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How to collect delinquent payments of child support

Divorced couples have a lot they need to find common ground on, including who will have custody of the children and how much child support will be paid by one spouse to the other. The child support issue all depends on if the couple has joint custody or one parent has sole custody and the other has visitation rights. It is common for people to become delinquent with paying child support.

When a parent fails to make child support payments, the other parent can seek collection of those payments using one or more of the following methods:

- Liens issued against real estate or property

- Wage garnishment

- Reporting the debtor to the credit bureaus

- Jail time

- Issuance of an order of contempt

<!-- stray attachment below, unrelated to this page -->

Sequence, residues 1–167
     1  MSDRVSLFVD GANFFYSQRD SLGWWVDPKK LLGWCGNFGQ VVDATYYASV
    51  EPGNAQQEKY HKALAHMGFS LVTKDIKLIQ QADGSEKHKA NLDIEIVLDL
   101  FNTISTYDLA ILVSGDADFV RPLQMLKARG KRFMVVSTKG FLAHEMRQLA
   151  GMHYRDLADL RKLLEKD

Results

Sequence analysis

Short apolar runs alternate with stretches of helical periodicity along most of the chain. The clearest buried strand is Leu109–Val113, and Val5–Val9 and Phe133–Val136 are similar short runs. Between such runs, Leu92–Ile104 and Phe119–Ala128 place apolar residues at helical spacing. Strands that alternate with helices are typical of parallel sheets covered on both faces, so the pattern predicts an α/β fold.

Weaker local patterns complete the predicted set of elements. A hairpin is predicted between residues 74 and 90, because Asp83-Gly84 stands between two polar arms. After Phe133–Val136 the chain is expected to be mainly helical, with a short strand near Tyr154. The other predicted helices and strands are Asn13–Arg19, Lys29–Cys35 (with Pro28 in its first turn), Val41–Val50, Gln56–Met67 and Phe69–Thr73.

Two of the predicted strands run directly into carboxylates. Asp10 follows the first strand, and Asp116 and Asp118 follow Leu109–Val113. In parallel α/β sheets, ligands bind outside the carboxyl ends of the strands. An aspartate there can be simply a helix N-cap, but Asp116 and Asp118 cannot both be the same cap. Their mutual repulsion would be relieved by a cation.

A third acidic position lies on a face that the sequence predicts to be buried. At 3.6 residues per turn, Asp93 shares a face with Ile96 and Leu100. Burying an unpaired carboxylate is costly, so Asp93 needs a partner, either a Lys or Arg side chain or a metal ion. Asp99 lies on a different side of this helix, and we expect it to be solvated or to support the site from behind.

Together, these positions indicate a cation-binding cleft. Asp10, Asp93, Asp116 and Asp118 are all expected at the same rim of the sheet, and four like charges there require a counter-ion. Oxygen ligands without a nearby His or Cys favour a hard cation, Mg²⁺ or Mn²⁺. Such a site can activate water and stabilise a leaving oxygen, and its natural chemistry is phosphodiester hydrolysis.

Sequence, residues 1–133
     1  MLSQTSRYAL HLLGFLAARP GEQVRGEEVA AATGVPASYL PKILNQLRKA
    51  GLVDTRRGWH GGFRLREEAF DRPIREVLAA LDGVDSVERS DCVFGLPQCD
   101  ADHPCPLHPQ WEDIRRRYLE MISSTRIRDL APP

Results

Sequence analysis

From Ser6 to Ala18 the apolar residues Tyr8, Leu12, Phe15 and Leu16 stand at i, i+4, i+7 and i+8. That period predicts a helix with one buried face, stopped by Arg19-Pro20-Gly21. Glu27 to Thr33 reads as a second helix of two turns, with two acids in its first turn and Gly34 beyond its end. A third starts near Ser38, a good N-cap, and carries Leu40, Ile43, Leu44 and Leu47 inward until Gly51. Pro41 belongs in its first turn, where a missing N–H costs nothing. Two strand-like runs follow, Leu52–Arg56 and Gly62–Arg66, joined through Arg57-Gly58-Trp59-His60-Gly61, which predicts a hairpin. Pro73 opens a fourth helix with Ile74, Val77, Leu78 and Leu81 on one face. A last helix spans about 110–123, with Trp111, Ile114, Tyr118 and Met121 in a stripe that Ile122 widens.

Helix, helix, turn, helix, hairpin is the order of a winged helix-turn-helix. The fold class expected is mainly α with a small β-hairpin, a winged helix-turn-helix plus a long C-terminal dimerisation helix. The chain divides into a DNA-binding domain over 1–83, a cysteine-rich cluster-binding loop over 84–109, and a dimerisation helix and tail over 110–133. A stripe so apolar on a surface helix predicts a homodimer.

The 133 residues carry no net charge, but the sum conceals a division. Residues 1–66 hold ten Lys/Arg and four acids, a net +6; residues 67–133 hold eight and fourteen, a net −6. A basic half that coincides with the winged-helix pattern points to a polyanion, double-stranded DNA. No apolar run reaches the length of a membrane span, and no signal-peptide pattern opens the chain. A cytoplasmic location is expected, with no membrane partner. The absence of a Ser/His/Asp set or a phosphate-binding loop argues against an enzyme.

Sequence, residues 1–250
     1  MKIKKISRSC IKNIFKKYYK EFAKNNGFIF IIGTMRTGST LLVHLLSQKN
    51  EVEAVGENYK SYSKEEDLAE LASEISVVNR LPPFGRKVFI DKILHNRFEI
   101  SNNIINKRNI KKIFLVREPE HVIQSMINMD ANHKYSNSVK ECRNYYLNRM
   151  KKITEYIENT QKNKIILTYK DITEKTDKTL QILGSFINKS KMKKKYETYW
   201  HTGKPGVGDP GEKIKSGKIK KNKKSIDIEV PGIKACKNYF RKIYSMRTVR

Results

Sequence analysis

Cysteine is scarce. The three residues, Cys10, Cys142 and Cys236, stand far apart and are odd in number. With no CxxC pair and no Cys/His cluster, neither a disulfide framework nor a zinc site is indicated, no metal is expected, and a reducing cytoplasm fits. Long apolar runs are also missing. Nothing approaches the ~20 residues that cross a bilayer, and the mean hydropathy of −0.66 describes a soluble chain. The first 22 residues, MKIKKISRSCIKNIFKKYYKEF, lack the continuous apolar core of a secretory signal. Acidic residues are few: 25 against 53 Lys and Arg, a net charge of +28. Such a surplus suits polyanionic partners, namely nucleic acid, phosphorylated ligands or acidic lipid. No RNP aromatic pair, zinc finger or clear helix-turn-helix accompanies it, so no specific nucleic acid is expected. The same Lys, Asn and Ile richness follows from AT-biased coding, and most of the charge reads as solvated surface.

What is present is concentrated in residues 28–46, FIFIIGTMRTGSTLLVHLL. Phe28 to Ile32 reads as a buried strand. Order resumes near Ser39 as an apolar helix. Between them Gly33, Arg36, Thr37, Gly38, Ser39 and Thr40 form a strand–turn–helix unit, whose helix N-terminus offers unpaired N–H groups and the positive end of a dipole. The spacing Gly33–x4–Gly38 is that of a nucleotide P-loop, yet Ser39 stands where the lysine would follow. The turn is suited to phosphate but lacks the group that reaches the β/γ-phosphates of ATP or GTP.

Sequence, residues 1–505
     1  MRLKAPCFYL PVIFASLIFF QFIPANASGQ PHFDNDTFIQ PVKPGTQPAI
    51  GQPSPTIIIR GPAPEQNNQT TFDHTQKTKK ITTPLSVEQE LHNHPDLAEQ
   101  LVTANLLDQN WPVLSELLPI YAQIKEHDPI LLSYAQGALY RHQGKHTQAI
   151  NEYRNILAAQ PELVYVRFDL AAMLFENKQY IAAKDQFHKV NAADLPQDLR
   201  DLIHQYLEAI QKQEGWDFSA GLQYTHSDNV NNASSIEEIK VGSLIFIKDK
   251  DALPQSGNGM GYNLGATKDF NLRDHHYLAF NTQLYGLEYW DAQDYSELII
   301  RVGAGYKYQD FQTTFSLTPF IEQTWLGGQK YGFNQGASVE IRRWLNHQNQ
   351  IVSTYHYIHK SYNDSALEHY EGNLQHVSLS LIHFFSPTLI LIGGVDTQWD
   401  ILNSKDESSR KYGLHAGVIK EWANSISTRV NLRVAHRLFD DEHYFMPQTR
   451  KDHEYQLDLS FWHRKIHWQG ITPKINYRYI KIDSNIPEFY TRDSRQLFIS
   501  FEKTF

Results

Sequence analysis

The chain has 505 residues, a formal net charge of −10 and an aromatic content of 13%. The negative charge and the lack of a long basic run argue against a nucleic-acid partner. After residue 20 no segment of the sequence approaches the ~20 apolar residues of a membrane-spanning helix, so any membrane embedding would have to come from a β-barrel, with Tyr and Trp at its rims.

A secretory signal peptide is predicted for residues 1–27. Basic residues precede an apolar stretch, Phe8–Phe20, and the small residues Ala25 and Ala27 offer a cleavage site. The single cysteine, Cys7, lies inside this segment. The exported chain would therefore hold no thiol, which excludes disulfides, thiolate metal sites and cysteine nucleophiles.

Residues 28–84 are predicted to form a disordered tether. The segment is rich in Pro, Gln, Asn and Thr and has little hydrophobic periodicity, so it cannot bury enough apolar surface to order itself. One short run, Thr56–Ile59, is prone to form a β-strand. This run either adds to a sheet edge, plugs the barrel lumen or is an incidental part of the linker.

- Freezing bank accounts

- Suspending personal or professional driver's licenses

Should there be more than one state involved in a child support issue, the Uniform Interstate Family Support Act (UIFSA) outlines jurisdiction. The guidelines are as follows:

- Other states have to defer to the order of child support issued by the court in the home state of the child.

- The place where the order was issued is granted continuing exclusive jurisdiction.

- Modification requests can only have the law of the continuing exclusive jurisdiction state applied to them,

- An order can be mailed to an out-of-state court by a custodial parent asking for help in enforcing the order.

- An order can be mailed by a custodial parent to the employer of the non-custodial parent seeking wage garnishment.

Under New York law, a letter is sent to the parent who has been delinquent in paying child support that outlines the process and a time frame for making payments. Depending on the length of time payments have been missed or the outstanding amount, the state could garnish wages, suspend a driver's license, intercept unemployment insurance and much more.

Visit our site today to learn more about child support and collecting delinquent payments in Newburgh, New York.

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